Where tapa comes from and how it is used in the Pacific 

Tapa cloth comes from the inner bark of various trees such as the paper mulberry, banyan, and breadfruit. Generally, the inner bark is first cleaned and soaked in water before the beating process begins. Wooden or stone beaters are used to expand the fibrous material.

 
Cartography by Terralink © 2010 Terralink International Limited

 

papua new guinea

Papua New Guinea is one of the most culturally diverse countries in the world, with over 800 languages and at least as many cultural groups. But only a few of these groups make tapa cloth.
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solomon islands

The very diverse cultural groups of the Solomon Islands create different kinds of tapa for different uses.
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vanuatu

Nemasitse is bark cloth that was made on the island of Erromango in Vanuatu until the early 20th century. Women made several types of nemasitse that were both decorated and plain. Some were used as floor coverings or blankets. Decorated pieces were worn as ceremonial garments.
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fiji

Fijian masi (tapa) has customarily been used for ceremonies, such as weddings or the conferring of a chiefly title.
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uvea (wallis) & futuna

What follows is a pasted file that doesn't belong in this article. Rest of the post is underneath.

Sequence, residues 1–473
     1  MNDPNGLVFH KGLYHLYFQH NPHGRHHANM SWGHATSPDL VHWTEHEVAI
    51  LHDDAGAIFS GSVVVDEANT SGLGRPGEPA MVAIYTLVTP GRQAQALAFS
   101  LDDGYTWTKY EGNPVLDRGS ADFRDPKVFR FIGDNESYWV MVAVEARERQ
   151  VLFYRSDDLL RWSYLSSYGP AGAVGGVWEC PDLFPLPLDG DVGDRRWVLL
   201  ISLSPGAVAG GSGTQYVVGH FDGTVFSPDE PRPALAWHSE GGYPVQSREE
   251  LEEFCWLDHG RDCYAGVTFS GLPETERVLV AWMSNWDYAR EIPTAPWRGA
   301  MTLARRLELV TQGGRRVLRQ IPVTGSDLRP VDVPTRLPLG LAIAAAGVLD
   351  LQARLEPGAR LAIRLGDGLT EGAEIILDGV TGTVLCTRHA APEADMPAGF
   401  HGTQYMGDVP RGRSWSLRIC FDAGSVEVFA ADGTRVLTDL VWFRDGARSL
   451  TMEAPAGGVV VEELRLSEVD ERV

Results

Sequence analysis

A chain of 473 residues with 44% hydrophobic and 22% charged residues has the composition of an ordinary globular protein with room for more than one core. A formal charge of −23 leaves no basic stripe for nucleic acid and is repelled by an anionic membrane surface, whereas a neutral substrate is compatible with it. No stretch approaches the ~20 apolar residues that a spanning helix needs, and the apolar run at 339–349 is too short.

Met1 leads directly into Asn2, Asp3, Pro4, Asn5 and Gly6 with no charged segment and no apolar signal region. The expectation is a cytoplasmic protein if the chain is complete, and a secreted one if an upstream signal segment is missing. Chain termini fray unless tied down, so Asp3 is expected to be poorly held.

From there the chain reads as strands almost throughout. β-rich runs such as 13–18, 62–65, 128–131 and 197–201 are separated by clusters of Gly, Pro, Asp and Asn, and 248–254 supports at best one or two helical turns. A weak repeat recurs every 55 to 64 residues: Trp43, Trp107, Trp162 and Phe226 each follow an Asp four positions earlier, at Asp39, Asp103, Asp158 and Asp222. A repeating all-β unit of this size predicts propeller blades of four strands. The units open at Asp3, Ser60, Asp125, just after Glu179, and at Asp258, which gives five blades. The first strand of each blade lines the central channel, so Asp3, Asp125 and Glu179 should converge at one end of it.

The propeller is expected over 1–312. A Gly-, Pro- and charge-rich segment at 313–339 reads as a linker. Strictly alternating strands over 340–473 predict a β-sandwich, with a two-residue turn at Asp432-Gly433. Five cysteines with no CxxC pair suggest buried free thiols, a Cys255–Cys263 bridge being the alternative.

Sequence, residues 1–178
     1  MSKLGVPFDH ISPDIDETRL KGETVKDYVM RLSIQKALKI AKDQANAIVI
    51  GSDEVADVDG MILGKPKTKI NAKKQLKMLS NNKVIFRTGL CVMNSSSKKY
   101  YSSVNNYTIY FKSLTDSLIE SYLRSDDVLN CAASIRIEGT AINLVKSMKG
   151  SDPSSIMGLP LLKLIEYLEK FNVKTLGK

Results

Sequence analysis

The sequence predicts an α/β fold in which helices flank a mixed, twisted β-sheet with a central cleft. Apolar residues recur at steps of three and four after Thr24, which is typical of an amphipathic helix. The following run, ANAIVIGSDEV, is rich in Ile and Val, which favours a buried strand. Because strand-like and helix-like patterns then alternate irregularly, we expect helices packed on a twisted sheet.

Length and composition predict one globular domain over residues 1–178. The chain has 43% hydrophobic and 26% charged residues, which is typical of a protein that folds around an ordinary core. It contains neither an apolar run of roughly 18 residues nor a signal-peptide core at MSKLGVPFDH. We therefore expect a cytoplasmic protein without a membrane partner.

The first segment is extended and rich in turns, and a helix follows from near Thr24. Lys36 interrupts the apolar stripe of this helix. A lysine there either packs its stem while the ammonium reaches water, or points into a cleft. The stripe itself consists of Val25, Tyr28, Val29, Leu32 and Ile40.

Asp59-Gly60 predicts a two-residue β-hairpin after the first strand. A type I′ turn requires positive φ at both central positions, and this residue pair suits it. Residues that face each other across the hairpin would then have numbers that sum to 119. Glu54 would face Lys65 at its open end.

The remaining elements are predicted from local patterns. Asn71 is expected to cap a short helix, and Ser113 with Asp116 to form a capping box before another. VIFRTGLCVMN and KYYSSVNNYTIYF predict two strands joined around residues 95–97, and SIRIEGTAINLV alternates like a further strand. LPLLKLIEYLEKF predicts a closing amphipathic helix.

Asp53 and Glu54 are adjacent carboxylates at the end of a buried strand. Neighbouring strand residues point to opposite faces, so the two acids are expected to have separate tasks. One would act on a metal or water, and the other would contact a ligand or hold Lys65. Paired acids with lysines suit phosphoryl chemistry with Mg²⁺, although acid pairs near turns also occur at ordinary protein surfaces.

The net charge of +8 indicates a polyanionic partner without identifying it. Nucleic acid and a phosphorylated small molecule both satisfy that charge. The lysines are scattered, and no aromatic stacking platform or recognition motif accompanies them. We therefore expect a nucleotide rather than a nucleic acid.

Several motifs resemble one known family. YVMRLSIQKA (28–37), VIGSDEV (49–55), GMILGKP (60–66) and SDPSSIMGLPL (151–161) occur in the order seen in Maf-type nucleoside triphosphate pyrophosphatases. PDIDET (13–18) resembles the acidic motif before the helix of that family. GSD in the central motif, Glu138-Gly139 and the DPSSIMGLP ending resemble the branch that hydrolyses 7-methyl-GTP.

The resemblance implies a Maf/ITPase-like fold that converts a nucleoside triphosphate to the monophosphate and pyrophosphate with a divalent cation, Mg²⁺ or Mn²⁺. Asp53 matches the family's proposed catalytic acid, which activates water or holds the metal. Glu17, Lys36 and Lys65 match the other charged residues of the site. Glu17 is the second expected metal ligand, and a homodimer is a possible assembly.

The two island groups known as Uvéa (Wallis) and Futuna form one French overseas territory.
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tonga

In Tonga, tapa cloth is known as ngatu. It is highly valued and used for special ceremonies such as weddings and funerals.
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samoa

Samoan siapo (tapa cloth) is usually made from the inner bark of the ua (paper mulberry tree), and decorated with natural dyes from a range of trees, shrubs, and clays.
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American Samoa

These siapo (tapa cloths) were made in American Samoa a group of islands east of Samoa and currently a territory of the United States.
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niue

In the 1830s, Samoan missionaries who were part of the London Missionary Society introduced tapa-making to Niue. Little is known about Niuean hiapo (tapa) before that time, although there were accounts of Niueans wearing hiapo as a loincloth. 
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cook islands

The volcanic soil of some atolls in the Southern Cook Islands was fertile ground for paper mulberry, banyan, and breadfruit trees. 
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hawaii

The history of kapa (tapa) in Hawaii follows the history of Hawaii itself.
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